Careful analyze of gathered reference materials such as blueprints, drawings and pictures is the key to successful scratch build. Good reference will be an essential aid when acquiring proper materials. The more detailed the reference is, the more detail one can pack in his model. Planning ahead will surely simplify the build. It would help avoiding mistakes like gluing the fuselage halves before inserting the interior.




Update 26.10.2010

I have started this project some time ago but there wasn’t much to show until now. The build proceeded from basis of fuselage structure. Most details could be reproduced thanks to the blueprints I got. The details will be visible through the opened service hatches.


Next I took a careful look at the photo etched parts I bought for this model. I knew from the beginning that I wouldn’t use some of them. It applies to parts which 1:1 equivalents have round cross section (like seat baskets which are made from steel rods) or those which can’t be duly represented by PE parts due to their thickness. Moreover the PE frets are dedicated for kit which I have previously rejected. Particular parts are designed to ease their assembly – often affecting the proper scale. That’s why the PE rudder pedals are etched in near to 1:48 scale, and control sticks clamps reflect their thickness, which in case of ABC Modelfarb kit are much oversized. The first PE part that I chose not to use was the cockpit floor. I had to make several slots in the new floor but unfortunately my tools couldn’t stand the task. So the actual work on this part started form creating required tools. The oval openings were made with aid of flatten injection needle and filed hobby knife was used to punch the edge slots.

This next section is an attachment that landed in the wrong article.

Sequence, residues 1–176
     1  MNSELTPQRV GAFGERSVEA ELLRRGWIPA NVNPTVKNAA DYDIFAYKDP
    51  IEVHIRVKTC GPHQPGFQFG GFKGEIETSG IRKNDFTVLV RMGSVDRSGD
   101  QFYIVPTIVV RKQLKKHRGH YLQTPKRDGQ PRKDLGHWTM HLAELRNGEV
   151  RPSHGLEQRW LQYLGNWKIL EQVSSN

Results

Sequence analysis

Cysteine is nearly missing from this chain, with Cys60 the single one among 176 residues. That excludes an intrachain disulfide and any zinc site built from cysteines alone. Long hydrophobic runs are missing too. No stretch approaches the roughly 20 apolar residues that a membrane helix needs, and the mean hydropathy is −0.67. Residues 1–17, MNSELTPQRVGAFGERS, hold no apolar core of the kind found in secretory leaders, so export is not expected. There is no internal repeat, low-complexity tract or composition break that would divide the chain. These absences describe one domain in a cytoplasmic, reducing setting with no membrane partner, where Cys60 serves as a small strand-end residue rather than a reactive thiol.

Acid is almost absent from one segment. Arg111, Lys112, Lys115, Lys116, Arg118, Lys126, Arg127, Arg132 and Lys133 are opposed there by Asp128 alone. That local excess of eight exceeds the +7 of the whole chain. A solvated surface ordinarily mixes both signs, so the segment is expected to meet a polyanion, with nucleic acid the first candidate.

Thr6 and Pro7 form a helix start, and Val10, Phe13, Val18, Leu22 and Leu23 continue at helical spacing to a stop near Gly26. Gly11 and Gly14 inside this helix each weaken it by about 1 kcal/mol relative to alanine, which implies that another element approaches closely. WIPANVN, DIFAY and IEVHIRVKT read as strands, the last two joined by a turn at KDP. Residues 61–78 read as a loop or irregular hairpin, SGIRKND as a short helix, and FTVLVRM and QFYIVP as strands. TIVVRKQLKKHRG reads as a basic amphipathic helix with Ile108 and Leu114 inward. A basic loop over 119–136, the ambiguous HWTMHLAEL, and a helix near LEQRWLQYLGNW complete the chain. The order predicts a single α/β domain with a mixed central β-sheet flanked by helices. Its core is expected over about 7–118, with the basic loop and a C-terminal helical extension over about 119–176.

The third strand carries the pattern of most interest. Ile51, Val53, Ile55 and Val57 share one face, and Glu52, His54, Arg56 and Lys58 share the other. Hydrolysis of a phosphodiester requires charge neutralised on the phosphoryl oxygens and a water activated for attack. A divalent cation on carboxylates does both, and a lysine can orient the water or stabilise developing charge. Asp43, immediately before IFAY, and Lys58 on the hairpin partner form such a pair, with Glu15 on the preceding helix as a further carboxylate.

I planned to build the fuselage from the bottom upwards. The idea is to reduce the risk of damaging ready assembly while adding new parts.